Lindsay Bustillos didn't realize her high-rise apartment building in West Los Angeles lacked sprinklers until a fire last fall made her unit uninhabitable.
The Oct. 18 fire at the Barrington Towers complex caused water and smoke damage that forced hundreds of residents to leave their apartments.
"You would think that when you move into a place like this that they kind of have it nailed down," said Bustillos, 32, of the sprinker situation.
Although laws mandate that residential high-rises built before 1943 and after 1974 have fire sprinklers installed, that leaves a 30-year gap in which high-rises were built in Los Angeles without having to install sprinklers. By the city's count, 71 of the city's roughly 200 residential high-rises don't have fire sprinkler systems installed.
The gap has been debated for years, but the Barrington fire has brought the issue into focus again.
"Disaster drives regulation," said Los Angeles fire Battalion Chief Timothy Kerbrat. "If it's a big disaster then the time to get the ordinance and changes take a little bit more time. If it's not a big disaster, it's a blip in the paper and we forget about it real quick."
Los Angeles officials first made a push to retrofit all high-rises – commercial and residential - with sprinklers in 1988 after a fire at First Interstate Tower downtown killed one man and injured 40. But proponents opted to divide the proposal into two: one for businesses and one for residential.
"Our strategy at the time was: If we try to do them both we're afraid we're not going to get anything at all," Kerbrat said.
Lawmakers approved retrofitting some 350 commercial buildings, but there was stronger resistance from residential building owners. The costs to retrofit were too high, they argued. It's the same argument that was made in 2004 after a woman was critically burned in a tower in Koreatown.
"We're always interested in providing clean, safe affordable housing," said Jim Clarke, head of the Apartment Assn. of Greater Los Angeles. "If it doesn't have fire sprinklers, it may not be the safest place to live, but at the same time you're bound. Your hands are tied because of finances."
Building codes changed dramatically in the United States after a high-rise fire in Brazil claimed more than 100 lives, Kerbrat said. Today's residential high-rises are compartmentalized so fires don't spread easily from unit to unit and staircases are pressurized so they don't fill with smoke. Los Angeles has some of the strictest building codes in the country, he said.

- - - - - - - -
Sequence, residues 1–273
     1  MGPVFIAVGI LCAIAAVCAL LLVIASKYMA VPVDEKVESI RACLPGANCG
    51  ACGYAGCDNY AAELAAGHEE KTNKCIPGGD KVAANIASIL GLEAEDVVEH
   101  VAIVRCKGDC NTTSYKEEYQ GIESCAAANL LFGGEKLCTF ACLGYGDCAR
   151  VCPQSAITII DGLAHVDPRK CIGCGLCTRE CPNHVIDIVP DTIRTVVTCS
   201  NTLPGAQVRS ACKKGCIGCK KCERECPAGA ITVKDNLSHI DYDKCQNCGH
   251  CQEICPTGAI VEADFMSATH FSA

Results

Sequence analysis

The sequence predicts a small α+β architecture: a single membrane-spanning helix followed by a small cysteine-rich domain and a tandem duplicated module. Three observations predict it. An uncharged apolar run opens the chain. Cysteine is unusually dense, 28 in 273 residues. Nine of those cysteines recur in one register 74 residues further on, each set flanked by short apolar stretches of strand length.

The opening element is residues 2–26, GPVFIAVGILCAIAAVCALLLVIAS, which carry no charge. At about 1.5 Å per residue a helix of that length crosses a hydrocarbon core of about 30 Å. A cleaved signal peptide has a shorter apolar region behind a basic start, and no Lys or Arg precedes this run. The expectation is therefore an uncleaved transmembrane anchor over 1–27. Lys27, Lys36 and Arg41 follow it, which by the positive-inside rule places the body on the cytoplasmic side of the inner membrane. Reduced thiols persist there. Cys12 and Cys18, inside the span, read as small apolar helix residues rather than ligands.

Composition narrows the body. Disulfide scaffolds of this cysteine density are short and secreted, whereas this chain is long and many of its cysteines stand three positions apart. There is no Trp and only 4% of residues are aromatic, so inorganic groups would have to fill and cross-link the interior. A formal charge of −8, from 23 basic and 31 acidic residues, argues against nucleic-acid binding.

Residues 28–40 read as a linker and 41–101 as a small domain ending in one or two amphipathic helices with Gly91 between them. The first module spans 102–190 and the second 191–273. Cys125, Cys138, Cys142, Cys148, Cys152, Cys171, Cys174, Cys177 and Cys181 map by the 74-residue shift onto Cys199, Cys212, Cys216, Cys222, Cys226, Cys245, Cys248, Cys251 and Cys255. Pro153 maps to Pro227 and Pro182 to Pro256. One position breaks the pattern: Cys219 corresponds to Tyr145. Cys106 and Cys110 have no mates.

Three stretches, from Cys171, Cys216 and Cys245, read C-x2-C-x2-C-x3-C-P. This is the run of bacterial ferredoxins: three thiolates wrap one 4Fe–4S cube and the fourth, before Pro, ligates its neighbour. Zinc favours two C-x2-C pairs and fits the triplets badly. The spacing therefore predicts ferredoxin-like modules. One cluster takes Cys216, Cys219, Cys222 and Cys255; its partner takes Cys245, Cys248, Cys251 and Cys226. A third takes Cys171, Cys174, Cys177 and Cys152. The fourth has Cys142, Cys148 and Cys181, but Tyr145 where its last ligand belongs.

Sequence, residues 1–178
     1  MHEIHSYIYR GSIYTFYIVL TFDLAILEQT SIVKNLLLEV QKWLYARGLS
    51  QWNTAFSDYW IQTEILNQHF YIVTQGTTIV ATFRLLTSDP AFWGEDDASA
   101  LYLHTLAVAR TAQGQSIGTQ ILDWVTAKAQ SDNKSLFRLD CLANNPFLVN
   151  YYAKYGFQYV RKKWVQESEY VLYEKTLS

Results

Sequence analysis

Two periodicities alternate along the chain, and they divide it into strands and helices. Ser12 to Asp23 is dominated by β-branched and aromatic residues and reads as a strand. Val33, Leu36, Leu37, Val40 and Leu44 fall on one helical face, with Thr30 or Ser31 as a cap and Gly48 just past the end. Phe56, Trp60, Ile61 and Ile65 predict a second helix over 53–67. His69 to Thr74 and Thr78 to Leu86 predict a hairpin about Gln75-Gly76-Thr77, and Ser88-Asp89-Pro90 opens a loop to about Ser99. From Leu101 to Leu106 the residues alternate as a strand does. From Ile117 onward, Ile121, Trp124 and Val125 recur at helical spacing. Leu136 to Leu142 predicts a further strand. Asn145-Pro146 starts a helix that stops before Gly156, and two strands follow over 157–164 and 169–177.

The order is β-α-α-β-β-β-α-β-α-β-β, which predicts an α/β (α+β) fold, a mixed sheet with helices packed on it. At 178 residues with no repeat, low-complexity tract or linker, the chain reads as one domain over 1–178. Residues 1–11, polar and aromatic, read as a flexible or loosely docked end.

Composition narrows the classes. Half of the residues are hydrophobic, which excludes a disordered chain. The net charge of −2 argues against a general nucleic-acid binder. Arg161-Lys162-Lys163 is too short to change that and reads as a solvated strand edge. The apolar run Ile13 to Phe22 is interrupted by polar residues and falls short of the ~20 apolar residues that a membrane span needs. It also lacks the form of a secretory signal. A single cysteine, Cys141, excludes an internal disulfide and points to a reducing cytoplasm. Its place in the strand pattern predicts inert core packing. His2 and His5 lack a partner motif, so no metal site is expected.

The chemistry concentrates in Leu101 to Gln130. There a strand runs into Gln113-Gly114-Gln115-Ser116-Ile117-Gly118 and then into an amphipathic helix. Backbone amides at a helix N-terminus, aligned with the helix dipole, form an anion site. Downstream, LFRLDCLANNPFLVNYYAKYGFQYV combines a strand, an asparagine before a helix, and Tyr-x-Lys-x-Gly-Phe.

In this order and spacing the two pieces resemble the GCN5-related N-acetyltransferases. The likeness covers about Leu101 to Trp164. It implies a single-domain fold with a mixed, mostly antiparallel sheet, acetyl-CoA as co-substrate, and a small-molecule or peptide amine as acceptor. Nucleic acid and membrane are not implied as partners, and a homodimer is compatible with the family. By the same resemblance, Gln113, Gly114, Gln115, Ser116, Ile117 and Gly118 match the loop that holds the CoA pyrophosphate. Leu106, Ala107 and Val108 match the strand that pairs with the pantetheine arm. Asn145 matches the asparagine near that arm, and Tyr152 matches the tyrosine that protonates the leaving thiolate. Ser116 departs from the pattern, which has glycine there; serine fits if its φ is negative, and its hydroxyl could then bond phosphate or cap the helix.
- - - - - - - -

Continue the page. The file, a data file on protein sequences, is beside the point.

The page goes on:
But residential building owners typically have to front the costs for retrofitting and can only hope to recoup the money through grants. It's difficult to get bank loans for the projects because repayment isn't guaranteed, Clarke said.
Laws prohibit owners from passing the costs of the retrofitting on to tenants beyond an annual 3% rent increase, Clarke said, and if tenants are displaced, the building owner has to pay to put them up elsewhere.
"Those are things we're trying to change," he said. "We're trying to make things both fair for the owner and the renter."
Firefighting experts maintain a sprinkler system is the best first line of defense against a blaze.
"You're significantly less likely to die in a fire if your residence is equipped with automatic fire sprinklers," said Ray Bizal of the National Fire Protection Assn. "Clearly, in a high-rise building, you have added risk. You're subjected to other people's fire behavior, not only your own."
After 24 people died in a fire in the four-story Dorothy Mae apartment complex near downtown in 1982, the city required more than 1,300 buildings built before 1943 be retrofitted with fire sprinklers. After the Brazil fire in 1974, state law required all new buildings from then on to have sprinklers installed.
In the meantime, Bustillos said the first question she asked her new landlords was if the building was outfitted with sprinklers.
"I have nightmares about not being able to get out," she said. "You never really think a fire is going to happen to you, I guess."